• the government will not amend or replace the Groceries Code Adjudicator (Permitted Maximum Financial Penalty) Order 2015 which provides the maximum financial penalty the GCA may impose
  • no order will be made to restrict the information the GCA may consider in deciding whether to carry out an investigation

The overall evidence from the review also suggested there is still a need for the GCA to ensure retailers comply with the requirements of the Groceries Code. Some responses to the review indicated that some suppliers are still reluctant to raise issues with the GCA. The government report recognises the steps the current GCA has taken to encourage suppliers to raise issues. It makes a commitment to work with the next GCA to help suppliers feel empowered to raise issues with the GCA and their retailers directly.

HSE Guidance: An online tool, workbook and posters to help you manage the risk of work-related stress in your organisation

The Stress Indicator Tool surveys employees across your organisation to identify where risks might be. It uses questions that are expertly developed and based on HSE’s Management Standards approach. Data from the surveys enables employers to identify any issues and to proactively make informed decisions. Analysing and understanding these results will help you develop an effective health and wellbeing strategy for your organisation.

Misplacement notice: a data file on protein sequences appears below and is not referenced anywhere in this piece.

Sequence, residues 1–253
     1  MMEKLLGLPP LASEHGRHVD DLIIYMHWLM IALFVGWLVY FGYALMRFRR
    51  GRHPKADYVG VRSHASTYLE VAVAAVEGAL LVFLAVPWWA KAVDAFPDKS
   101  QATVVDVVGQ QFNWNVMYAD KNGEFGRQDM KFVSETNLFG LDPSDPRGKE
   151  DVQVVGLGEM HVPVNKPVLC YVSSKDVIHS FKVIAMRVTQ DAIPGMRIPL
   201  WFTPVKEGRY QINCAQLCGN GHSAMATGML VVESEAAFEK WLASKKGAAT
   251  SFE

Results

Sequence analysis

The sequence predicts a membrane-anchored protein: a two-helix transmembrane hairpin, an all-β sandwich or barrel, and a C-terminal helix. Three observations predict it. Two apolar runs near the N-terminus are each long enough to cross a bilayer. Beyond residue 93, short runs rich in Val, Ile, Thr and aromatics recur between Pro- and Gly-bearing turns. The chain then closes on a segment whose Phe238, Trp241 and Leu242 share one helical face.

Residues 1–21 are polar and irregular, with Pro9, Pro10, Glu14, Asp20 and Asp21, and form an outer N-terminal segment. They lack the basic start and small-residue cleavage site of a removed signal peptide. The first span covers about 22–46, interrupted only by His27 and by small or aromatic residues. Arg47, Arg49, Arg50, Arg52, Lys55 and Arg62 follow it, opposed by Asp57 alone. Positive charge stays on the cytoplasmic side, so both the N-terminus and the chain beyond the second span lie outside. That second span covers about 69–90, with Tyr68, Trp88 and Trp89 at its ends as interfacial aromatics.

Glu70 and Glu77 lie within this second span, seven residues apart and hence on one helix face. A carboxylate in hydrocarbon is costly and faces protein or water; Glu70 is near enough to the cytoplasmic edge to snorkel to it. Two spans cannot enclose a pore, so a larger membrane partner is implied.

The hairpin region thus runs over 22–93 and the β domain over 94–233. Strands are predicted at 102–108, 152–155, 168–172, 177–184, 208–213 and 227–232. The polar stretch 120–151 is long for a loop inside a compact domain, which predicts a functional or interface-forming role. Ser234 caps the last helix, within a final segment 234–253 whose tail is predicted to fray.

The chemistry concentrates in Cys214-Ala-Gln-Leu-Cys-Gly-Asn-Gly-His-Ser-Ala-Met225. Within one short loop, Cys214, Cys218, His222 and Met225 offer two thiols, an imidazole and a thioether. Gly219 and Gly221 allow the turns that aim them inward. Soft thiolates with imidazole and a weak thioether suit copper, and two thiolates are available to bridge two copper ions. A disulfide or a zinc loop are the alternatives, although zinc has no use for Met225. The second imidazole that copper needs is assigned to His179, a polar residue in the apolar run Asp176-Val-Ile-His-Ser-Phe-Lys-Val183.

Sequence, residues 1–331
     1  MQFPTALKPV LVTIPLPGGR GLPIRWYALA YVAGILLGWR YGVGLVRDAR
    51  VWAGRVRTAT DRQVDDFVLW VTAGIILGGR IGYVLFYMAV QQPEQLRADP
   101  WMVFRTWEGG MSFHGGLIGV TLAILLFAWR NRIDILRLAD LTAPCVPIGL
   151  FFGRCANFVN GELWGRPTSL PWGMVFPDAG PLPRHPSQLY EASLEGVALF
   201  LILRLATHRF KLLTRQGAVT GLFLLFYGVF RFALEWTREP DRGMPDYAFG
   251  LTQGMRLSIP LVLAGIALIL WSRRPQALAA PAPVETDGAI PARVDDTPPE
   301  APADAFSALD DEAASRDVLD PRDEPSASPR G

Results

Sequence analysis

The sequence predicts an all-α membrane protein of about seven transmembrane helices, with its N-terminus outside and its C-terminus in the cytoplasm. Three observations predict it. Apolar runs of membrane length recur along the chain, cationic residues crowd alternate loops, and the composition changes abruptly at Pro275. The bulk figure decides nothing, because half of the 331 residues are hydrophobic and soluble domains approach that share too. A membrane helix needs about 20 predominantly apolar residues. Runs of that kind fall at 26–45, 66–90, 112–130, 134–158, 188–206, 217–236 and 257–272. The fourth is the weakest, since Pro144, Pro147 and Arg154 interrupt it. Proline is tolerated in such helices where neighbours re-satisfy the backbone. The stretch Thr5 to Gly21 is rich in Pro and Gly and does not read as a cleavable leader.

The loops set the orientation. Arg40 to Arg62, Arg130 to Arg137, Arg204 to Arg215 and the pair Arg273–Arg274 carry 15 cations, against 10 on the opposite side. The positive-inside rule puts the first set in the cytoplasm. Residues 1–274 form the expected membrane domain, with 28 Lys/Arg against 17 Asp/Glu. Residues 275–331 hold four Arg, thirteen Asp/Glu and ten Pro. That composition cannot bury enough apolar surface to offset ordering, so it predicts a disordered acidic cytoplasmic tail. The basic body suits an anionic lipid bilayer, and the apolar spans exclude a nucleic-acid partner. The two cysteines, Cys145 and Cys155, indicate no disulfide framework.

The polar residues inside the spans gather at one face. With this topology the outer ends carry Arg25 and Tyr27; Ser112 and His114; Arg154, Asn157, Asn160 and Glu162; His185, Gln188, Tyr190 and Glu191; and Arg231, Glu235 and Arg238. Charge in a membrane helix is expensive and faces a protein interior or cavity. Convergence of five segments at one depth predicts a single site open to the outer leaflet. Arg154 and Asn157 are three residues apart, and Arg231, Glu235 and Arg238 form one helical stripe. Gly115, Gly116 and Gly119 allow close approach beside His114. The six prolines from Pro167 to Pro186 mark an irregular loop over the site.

Register for our next live webinar to see a demo of the Stress Indicator Tool: Thursday 23rd July at 3.00pm

Watch a video demonstrating the Stress Indicator Tool

Tackling work-related stress using the management standards approach: a step-by-step workbook will help your organisation meet its legal duty to assess the risks to its employees and give advice and practical guidance on how to manage work-related stress.

Find out more or purchase your copy for £18.00

Help raise awareness in your organisation with the official HSE workplace stress posters. These vibrant posters will increase awareness in your workforce with eye-catching, unique designs.

Photographic version (pack of 6) £20.83 (£25.00 inc VAT)

Illustration version (pack of 6) £20.83 (£25.00 inc VAT)

Infographic version (pack of 2) £15.62 (£18.74 inc. VAT)